Scottish cricketers ready for political football
Should England lose at Aberdeen on Friday the defeat will be seized on by those involved in the independence debate
Sunday 04 May 2014
England travel to the world's most northerly one-day international venue, Mannofield, on Friday to play Scotland at a time when the host nation resembles a batsman caught in mid-crease, unsure whether to say "yes" or "no" and wondering if "wait" might have been a better call.
The residents of Scotland go to the polls in four months' time to vote in an independence referendum. Their simple choice is Yes or No but the consensus of the intelligentsia is that the Yes campaign will fall short of a majority but carry forward enough momentum for the nationalists to try again in a few years' time. Recent polls, however, have indicated that Yes is making up ground on No and unless Alex Salmond drops the ball, it looks sure to be a close-run thing.
Scotland v England in Aberdeen might also be an interesting contest. Although the result in any isolated one-day international is largely immaterial, a win for the hosts would make the news, as well as making cricket history.
England have never lost to Scotland, but only one of their three encounters has been completed. England have been embarrassed three times at the hands of Ireland and the Netherlands, so it would not push the Premier League off the back pages if they were to be made to look silly again. But it might be quirky enough to attract attention up front. The real story of a Scottish upset would be its timing, and its potential to be exploited as political fuel.
The Commonwealth Games are in Glasgow this summer, and that is where referendum point-scoring is expected to go into overdrive. Scots have traditionally bought into the Games more than their neighbours in England and Wales, and the sight of the Saltire being raised above the St George's Cross will inevitably be used as a symbol of Caledonian self-sufficiency, even if it simultaneously makes a powerful argument for the Union status quo.
Many of Scotland's greatest Olympians, Sir Chris Hoy and Katherine Grainger CBE included, have trained in England because the facilities were better than they could get at home. The chief poster boy and poster girl for Glasgow 2014 are Michael Jamieson, the London Olympics silver-medal-winning swimmer, and the hurdler Eilidh Child. Both are based in Bath.
There have been calls for a moratorium on sport being used as a political football during the Games, but even if most Scottish athletes have their answers to referendum questions carefully prepared, there are bound to be a few who break rank. Last September Imogen Bankier, the 2011 World Badminton Championship silver medallist, echoed Hoy's view that membership of Team GB has been good for Scottish athletes and they should count their blessings, as well as their medals, before advocating change.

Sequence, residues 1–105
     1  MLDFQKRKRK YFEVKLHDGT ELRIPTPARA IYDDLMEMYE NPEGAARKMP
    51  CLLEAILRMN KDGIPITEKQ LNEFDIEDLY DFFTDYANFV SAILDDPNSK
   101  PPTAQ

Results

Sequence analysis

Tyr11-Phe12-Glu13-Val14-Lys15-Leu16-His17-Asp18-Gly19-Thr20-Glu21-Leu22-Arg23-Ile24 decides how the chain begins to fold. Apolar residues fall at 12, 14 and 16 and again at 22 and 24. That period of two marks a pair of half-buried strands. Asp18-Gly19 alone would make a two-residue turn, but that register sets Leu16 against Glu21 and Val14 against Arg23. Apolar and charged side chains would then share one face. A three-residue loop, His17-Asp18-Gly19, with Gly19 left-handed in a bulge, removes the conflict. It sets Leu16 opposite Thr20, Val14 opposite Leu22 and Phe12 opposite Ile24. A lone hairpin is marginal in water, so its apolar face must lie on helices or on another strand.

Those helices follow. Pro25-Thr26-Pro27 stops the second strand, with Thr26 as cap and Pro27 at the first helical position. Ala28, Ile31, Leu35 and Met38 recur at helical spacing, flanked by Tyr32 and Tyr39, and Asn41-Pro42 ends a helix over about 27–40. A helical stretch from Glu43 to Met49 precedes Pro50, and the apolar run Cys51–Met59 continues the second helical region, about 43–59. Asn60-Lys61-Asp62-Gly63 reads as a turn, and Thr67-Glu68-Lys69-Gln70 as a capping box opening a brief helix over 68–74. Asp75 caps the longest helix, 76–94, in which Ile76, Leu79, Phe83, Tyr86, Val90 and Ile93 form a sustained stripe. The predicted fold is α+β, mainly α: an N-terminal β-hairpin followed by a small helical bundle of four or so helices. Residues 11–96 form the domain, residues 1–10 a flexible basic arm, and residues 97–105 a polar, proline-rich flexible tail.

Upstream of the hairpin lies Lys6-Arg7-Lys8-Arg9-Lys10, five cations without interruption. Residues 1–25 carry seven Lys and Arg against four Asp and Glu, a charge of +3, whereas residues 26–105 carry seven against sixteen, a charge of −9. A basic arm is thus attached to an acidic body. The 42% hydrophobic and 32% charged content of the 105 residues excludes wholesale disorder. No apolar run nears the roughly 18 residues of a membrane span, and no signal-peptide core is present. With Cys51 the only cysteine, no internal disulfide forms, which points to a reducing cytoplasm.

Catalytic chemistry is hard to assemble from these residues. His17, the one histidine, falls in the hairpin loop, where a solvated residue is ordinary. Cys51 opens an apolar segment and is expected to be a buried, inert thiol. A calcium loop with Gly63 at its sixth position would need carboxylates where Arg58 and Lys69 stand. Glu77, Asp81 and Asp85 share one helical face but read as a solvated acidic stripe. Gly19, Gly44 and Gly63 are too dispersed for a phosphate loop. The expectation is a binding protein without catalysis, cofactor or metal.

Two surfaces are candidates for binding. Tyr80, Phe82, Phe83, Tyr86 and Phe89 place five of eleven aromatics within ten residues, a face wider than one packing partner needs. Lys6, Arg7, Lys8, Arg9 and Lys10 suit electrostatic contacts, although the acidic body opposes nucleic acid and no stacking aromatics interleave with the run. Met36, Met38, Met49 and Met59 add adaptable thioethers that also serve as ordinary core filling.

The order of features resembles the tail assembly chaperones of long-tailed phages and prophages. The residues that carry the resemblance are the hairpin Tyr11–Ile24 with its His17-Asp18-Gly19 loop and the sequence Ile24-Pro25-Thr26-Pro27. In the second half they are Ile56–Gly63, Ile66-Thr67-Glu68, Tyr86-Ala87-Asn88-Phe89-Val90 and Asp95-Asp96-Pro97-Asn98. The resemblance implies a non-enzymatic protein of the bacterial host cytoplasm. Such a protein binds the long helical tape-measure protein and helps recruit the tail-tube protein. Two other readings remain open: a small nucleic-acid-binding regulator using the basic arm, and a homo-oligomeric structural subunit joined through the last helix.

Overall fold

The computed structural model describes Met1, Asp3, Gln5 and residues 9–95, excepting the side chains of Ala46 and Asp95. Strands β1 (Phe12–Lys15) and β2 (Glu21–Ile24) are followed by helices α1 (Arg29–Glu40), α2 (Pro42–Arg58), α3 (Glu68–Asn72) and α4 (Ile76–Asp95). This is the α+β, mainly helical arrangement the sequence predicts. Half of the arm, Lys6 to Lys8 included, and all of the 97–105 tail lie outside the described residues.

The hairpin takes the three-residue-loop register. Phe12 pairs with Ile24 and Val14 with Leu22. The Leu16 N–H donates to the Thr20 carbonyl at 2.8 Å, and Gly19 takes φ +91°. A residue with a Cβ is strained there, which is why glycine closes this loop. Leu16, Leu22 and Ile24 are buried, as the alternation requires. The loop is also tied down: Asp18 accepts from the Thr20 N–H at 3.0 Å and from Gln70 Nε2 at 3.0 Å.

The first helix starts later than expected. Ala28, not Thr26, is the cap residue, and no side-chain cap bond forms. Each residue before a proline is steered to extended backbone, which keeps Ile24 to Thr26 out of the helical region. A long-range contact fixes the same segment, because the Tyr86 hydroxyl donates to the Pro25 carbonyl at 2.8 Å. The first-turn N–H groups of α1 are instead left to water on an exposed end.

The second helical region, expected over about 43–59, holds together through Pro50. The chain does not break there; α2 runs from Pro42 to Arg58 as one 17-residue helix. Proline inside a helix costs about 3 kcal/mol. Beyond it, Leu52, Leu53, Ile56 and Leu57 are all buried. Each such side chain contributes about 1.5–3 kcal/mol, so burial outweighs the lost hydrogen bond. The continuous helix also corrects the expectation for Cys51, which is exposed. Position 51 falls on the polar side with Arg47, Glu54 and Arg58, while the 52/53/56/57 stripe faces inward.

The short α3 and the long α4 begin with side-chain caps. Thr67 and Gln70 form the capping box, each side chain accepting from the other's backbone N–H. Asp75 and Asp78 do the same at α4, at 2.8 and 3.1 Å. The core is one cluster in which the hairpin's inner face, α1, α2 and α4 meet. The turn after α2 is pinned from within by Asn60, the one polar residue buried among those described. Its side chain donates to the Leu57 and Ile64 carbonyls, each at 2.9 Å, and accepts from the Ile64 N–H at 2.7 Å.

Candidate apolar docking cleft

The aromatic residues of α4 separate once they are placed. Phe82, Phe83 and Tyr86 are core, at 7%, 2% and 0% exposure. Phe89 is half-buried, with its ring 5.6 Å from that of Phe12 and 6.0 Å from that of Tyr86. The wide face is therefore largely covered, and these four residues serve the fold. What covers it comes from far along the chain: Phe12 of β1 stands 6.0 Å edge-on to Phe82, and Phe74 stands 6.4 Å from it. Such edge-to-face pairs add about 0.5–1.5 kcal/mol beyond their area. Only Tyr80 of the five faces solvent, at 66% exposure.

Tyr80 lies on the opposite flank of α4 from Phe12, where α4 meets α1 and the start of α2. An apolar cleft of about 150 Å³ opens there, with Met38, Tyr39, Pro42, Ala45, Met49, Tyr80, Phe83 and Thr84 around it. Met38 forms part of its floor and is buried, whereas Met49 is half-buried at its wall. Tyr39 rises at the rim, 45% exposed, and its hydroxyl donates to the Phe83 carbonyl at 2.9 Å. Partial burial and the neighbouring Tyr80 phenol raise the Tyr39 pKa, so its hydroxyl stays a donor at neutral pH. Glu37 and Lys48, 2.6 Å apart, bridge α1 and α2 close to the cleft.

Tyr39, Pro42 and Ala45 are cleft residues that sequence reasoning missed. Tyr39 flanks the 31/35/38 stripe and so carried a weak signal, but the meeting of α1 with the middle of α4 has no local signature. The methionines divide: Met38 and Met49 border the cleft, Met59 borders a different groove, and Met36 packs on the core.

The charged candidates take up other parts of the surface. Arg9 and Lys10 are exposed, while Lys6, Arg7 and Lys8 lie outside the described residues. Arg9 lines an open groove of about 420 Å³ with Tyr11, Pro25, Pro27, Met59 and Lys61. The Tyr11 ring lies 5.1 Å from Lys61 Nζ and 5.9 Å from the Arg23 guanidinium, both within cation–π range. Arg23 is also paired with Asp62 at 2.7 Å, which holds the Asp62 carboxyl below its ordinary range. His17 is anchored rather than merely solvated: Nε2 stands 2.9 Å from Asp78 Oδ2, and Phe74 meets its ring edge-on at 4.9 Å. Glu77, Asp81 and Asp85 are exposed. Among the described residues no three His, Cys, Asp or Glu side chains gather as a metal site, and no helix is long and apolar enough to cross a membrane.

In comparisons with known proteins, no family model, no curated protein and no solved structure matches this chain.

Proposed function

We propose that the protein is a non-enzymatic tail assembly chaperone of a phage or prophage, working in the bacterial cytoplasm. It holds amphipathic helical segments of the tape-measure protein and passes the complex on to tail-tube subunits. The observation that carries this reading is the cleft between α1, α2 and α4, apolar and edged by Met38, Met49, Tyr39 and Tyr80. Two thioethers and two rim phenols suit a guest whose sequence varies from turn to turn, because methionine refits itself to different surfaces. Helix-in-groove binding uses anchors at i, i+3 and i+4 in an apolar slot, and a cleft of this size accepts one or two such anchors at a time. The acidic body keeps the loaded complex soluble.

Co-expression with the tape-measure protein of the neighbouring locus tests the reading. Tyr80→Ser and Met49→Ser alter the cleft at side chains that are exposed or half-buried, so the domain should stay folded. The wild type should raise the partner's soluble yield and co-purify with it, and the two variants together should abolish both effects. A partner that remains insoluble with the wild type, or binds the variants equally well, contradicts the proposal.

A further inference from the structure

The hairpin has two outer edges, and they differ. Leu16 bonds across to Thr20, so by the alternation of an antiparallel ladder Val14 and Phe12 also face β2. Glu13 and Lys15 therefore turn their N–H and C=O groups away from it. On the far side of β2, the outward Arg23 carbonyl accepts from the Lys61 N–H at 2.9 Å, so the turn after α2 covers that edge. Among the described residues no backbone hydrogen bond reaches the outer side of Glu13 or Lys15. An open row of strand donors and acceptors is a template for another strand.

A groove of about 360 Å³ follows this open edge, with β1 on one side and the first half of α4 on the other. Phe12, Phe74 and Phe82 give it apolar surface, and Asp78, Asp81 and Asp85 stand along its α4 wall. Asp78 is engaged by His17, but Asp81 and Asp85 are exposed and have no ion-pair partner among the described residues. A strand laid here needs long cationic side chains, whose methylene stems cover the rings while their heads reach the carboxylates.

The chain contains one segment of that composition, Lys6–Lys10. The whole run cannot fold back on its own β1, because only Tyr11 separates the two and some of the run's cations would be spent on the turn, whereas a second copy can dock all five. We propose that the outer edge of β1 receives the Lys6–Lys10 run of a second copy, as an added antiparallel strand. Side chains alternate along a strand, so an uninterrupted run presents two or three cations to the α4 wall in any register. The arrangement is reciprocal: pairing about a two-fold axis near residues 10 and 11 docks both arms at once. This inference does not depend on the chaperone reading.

Likewise, the Scottish cricket team is stronger for the exposure players have had by linking up with professional counties. But that does not occur because of the Union. Even if some of the players covet independence, they know it would have little bearing on their cricket careers, no impact on the cross-border movement that allows them to ply their trade in the shires and return for the key internationals and ICC tournaments.
Independence hasn't stopped Irish cricketers from making the most of this double life, and Cricket Ireland, like Cricket Scotland, has been able to create a full-time environment for a clutch of players… while remaining unable to stop the best ones leaving. Scotland has had a cricket team for 149 years and it could be another 149 before that situation changes, no matter who owns the North Sea.
The 11 players they pick for the Royal London International would be the same 11 they would pick if Scotland were independent, and some of them would be based in Scotland and others in England. A shock result on Friday should have no material bearing on the referendum. But the great fear of No campaigners is that votes will be cast in September with hearts rather than heads.
This is to be the first match of Peter Moores' second stint in charge of England, but it might feel like he is raking over old ground because he was the coach when the two nations met for the first time in 2008 (Kevin Pietersen was the captain). This time Scotland also have a new coach, the former New Zealand all-rounder Grant Bradburn, but he will only have a watching brief on Friday as his tenure does not begin until 1 July.
Scotland won every match at the recent World Cup Qualifier and, with the help of coaching consultant Paul Collingwood, unearthed a couple of warriors in Calum MacLeod and Preston Mommsen. Unlike England they go into the match with momentum, confidence and motivation, so opportunity knocks.
Whatever happens at Mannofield, the two teams will be reunited in February in Christchurch, at the World Cup. On that occasion, though, there won't be very much to talk about except cricket.
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